Franz Brentano & Psychology: Contributions & Work

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  • 0:03 Perception
  • 0:51 Franz Brentano
  • 1:32 Contributions to Psychology
  • 4:14 Brentano's Students
  • 4:50 Lesson Summary
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Lesson Transcript
Instructor: Gaines Arnold

Gaines has a Master of Science in Education.

Franz Brentano is a psychologist many have never heard of, but one who had far-reaching influence. This lesson discusses Franz Brentano and his influence on psychology, including his theory of act psychology.


What is the answer to the old riddle, ''If a tree falls and no one is around to hear it, does it make a sound?'' For most people the logical answer would seem to be that it did, in fact, make a sound; it doesn't matter that no one was around to hear the fall. This is the common answer because everyone has heard a tree fall and it is not silent. The other side of the argument is equally as valid, though. Since no one was around to hear, who knows whether it made any sound at all. Who knows?

However, a psychologist named Franz Brentano may have had the answer. He would have said that the tree did make a sound because whether anyone was around to hear it or not was secondary to the fact that the sound was made. Although many people have never heard of Franz Brentano, he made a tremendous noise in psychology which resounds to this day.

Franz Brentano

Franz Brentano was a priest first, a philosopher second, and a psychologist to the last. He was born in present-day Germany to parents who fostered his love of learning. Brentano first entered the university to study the philosophy of Aristotle. He believed the scholastic philosophy Aristotle had championed (in which authoritative teachers expound on their thoughts and beliefs), but he was unsatisfied with the teaching as a simple philosophy. He first wrote a dissertation on the philosophy of Aristotle, but he followed that up with another on his favorite thinker's psychology. From his study of Aristotle's thoughts and methods, Brentano developed his own psychological theories.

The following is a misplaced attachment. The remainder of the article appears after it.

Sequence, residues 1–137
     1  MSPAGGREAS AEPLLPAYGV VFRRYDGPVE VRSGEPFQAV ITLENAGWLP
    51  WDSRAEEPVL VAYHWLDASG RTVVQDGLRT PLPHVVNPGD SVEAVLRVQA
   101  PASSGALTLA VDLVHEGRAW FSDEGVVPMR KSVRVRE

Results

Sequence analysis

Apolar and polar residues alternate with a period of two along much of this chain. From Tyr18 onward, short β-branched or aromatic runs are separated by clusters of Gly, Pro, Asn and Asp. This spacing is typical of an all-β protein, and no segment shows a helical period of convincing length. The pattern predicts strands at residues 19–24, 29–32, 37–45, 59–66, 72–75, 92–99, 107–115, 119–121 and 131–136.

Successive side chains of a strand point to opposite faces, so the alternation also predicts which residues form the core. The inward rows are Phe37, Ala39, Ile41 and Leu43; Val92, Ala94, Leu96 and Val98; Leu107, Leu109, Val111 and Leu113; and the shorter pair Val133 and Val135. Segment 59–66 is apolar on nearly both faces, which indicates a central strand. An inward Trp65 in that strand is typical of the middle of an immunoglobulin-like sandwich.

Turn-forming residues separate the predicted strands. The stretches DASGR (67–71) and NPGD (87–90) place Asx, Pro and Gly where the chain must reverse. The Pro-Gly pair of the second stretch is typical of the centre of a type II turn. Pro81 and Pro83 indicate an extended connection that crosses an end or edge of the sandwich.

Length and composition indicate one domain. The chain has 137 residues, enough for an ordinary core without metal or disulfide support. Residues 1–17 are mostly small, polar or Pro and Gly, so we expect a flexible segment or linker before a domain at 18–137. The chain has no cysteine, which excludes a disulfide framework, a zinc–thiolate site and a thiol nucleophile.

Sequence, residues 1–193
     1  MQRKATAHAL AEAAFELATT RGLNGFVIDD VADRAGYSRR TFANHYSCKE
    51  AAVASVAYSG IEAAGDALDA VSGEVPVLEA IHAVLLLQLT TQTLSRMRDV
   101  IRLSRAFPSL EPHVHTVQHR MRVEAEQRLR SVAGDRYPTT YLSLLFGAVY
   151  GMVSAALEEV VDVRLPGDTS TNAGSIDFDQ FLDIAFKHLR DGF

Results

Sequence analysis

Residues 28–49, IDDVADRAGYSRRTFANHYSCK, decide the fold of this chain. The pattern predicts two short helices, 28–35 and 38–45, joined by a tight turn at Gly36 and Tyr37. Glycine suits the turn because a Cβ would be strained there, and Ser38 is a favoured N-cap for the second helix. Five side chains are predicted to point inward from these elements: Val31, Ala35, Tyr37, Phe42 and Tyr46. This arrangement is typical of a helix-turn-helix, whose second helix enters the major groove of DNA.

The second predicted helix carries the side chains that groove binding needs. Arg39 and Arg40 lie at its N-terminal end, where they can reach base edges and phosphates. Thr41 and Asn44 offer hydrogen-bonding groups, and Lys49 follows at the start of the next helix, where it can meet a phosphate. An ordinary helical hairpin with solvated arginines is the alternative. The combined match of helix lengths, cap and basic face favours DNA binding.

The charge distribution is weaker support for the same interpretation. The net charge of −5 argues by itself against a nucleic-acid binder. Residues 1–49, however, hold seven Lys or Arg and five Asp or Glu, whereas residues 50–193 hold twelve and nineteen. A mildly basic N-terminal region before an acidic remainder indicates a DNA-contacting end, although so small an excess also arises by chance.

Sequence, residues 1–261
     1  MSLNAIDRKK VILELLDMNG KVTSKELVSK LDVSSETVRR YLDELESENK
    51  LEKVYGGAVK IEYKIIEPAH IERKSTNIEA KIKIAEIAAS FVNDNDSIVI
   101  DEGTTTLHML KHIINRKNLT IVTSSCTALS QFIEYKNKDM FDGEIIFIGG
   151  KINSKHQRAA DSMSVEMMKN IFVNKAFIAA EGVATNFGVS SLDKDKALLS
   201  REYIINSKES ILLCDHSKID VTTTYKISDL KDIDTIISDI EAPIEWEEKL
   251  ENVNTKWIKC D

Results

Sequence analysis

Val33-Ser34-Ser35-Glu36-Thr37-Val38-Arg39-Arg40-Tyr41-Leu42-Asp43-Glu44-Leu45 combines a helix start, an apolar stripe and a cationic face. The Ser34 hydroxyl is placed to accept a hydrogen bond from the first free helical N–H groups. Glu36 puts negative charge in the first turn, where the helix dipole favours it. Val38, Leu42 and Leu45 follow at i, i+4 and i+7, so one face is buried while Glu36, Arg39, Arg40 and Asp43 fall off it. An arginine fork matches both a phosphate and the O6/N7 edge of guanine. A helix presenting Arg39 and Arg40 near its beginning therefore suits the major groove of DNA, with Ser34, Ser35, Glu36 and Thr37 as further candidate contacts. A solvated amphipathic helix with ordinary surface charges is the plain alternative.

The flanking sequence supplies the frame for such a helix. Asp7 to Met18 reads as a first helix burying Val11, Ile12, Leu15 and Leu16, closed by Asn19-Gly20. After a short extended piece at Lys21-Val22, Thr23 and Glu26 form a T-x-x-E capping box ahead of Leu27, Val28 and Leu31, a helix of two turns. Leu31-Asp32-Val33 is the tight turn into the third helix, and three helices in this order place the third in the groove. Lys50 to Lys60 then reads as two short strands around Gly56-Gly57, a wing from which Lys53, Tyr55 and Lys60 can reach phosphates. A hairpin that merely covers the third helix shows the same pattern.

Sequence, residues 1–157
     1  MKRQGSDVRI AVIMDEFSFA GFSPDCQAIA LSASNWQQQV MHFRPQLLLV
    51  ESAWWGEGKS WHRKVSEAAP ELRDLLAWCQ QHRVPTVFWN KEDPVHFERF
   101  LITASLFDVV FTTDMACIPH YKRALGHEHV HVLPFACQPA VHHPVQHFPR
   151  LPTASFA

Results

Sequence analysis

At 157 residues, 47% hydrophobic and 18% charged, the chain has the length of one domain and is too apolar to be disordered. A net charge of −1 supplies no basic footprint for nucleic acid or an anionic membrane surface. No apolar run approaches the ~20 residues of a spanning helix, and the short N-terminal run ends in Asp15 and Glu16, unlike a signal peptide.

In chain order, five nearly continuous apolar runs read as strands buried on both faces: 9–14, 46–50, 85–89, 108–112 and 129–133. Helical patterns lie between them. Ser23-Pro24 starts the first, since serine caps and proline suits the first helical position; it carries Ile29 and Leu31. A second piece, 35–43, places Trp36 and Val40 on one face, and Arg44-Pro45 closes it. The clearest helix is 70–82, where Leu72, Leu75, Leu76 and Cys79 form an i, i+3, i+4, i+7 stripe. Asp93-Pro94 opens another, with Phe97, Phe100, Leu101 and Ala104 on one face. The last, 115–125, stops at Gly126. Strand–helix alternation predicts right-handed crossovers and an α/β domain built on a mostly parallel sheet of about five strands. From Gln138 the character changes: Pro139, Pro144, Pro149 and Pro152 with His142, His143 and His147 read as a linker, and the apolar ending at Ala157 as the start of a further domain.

Contributions to Psychology

Although he first entered the priesthood following his days at the university, Brentano quickly became an opponent of the established church when he argued against the infallibility of the pope. Thus, he went back to academia and became an influential professor.

His primary interest, shared by many of his contemporaries, was to free psychology from the chains of philosophy and make it a singular study. Brentano was one of the first of the new type of psychologist who used empirical methods rather than anecdotal. The difference is that anecdotal evidence is based on opinion whereas empirical evidence is gained through many observations during controlled circumstances in which the observer only reports what is seen and not what the observer thinks about what they have seen.

Through his empirical method and readings regarding Aristotle, Brentano developed what he called act psychology. He believed that psychology should focus on the mind's outputs, its acts (such as perception, and the outward signs of emotions), rather than on how the inner structures of the mind produced those outputs. He was opposed to the newly formed school of structuralism because he believed that how the mind worked was not within the purview of psychology. The mind was a physical machine whose inner workings were the concern of physicians not psychologists.

In writing about and researching act psychology, Brentano defined concepts regarding intentionality, perception, and judgment:

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